By Brett Weiss
The U.S. Postal Service has announced that Johnny “The Man in Black” Cash is getting his own postage stamp. Designed to look like a 45 rpm record, the stamp will be issued later this year as part of the new “Music Icon” series (other performers in the series have yet to be named).
For music aficionado Pam Burnett, who grew up listening to such hits as A Boy Named Sue and Ring of Fire, The Man in Black is highly deserving of the honor, which will coincide (more or less) with the 10th anniversary of his death – Cash died Sept. 12, 2003 of complications from diabetes.
“Johnny Cash’s music serves as a piece of Americana,” Burnett said. “Young and old can identify with his songs because of his diversity. From his rebellious earlier years to his walk in faith later on, you can follow his journey of life in his lyrics, just as you can through the sound of his voice – strong, deep, and powerful at the beginning to frail, soft, and full of wisdom at the end.”
Born Feb. 26, 1932 in Kingsland, Ark., Johnny Cash, like Elvis Presley, got his start at Sun Records in Memphis, Tenn., recording for Sam Philips. His first recordings at Sun were Hey Porter and Cry! Cry! Cry!, which were released in June of 1955, followed by such legendary singles as Folsom Prison Blues and I Walk the Line.
In 1958, Cash left Sun for Columbia Records. During the early 1960s, he toured with the Carter family, where he met his second wife, June. From 1969 through 1971, he hosted ABC’s The Johnny Cash Show, which showcased the talents of such performers as Bob Dylan, Neil Young and Merle Haggard.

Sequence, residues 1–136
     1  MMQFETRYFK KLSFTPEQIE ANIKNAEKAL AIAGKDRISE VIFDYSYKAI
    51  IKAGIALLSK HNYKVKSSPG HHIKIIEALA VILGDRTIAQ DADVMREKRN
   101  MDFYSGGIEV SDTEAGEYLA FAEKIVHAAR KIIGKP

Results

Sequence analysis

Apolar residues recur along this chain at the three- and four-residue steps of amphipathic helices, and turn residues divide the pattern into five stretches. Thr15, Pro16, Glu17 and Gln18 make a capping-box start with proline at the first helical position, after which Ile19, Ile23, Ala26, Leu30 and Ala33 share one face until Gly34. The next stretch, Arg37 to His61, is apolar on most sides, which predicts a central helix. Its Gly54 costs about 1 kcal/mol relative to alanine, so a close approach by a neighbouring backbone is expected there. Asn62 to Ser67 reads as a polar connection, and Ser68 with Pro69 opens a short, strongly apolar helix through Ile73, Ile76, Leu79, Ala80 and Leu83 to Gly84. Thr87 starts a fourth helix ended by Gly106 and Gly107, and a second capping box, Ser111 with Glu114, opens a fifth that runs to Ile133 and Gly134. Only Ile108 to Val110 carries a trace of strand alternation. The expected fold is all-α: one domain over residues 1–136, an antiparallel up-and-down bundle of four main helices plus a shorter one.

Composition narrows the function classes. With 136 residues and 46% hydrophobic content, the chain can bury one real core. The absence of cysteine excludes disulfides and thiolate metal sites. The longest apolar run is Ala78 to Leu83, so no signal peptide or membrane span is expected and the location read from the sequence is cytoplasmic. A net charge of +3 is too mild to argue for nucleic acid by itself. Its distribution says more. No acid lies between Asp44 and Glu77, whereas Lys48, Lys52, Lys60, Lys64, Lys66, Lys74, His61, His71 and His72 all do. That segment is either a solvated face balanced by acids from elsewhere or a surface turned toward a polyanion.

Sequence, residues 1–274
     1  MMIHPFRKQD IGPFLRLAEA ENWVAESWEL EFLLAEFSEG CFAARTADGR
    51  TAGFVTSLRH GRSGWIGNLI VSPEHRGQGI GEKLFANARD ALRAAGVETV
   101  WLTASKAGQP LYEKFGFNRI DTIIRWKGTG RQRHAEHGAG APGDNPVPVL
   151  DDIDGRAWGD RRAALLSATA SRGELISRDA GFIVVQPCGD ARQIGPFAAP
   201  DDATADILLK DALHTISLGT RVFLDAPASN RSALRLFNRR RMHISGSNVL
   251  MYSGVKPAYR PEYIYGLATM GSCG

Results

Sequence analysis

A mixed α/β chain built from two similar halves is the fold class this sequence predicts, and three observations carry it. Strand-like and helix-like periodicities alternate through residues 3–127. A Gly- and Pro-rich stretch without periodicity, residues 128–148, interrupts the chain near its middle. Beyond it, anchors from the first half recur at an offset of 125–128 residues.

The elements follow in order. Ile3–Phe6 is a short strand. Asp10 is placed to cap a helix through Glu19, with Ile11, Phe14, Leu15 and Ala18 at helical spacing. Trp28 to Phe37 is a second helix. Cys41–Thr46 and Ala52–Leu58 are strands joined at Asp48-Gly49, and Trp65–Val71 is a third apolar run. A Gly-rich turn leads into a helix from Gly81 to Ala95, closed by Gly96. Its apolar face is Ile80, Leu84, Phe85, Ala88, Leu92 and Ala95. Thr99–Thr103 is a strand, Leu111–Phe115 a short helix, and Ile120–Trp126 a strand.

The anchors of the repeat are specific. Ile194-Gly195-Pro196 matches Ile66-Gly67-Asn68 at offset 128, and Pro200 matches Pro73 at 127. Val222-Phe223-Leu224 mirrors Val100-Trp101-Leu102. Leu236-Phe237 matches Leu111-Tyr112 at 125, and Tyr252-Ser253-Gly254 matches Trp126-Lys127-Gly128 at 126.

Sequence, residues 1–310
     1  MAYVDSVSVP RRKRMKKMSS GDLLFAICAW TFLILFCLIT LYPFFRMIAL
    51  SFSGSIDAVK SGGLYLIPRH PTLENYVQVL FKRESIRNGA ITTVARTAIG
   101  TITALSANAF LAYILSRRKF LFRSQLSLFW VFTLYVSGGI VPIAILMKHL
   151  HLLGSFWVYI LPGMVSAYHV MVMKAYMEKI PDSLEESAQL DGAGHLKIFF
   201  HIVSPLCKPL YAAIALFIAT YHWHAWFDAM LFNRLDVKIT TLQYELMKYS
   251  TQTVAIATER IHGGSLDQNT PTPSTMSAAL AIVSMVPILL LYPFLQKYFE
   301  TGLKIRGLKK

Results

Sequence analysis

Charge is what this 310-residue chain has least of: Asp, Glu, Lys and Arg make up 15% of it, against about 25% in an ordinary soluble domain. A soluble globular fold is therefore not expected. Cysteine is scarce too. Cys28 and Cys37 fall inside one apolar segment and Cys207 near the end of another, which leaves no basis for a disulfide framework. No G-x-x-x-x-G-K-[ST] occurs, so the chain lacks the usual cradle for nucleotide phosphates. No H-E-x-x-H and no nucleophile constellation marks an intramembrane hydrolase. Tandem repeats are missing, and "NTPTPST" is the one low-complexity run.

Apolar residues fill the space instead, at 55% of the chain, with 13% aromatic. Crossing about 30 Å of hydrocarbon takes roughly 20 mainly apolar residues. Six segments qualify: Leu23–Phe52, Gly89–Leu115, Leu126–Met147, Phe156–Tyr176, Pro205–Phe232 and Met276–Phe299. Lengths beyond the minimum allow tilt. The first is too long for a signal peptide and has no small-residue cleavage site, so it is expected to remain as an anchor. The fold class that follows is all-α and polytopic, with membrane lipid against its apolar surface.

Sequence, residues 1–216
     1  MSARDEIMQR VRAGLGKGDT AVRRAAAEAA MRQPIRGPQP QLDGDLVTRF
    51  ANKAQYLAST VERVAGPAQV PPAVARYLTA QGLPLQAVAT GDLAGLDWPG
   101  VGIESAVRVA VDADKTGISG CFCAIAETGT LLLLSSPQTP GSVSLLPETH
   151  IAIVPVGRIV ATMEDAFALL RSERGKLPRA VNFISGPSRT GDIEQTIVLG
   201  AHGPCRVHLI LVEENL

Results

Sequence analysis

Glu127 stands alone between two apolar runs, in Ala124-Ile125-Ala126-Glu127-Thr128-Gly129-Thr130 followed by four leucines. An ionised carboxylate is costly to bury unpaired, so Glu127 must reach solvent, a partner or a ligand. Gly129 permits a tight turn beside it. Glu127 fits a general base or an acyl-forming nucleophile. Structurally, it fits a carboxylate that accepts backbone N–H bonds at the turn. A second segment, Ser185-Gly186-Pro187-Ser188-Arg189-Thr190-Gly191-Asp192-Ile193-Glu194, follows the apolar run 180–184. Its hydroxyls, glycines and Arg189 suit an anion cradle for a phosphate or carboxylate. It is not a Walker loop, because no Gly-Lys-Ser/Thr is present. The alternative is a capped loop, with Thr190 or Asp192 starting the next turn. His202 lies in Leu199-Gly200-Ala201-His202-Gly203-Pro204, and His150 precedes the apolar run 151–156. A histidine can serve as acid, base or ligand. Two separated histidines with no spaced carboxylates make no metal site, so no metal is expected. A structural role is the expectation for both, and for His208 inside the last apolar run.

Other highlights abound, including a resurgence in the 1990s that saw his American Recordings (1994) album win a Grammy for Best Contemporary Folk Album. In 2002, Cash recorded the critically acclaimed cover of ’Hurt.’
Moreover, Cash was inducted into the Nashville Songwriters Hall of Fame (1977), the Country Music Hall of Fame (1980), and the Rock and Roll Hall of Fame (1992), and he received a Grammy Lifetime Achievement Award (1999).
“Johnny Cash’s voice has spanned three generations of fans,” Burnett said. “He wasn’t afraid to embrace his feelings and portray them through his songs. He took a stance on many issues, such as prison reform with Folsom Prison Blues. Cash gave the prison population a voice. This can be seen and heard in his performance at San Quentin Prison.”
Cash’s rebellious nature and storied alcohol and drug use was popularized in the feature film Walk the Line (2005), which starred Joaquin Phoenix as Cash and Reese Witherspoon as June Carter Cash. The film also covered Cash’s penchant for wearing black, which he did to show support for the “prisoner who has long paid for his crime,” the “poor and the beaten down,” and the “sick and lonely old.”
“Black represented his emotions, rebellion and darkness,” Burnett said.
Cash’s legend and crossover appeal have made him a favorite among music collectors. His original guitars, gold records, articles of clothing, and other rare items frequently sell for thousands of dollars through such entities as eBay and Heritage Auctions.
Time will tell if his stamp becomes a high-priced collectible.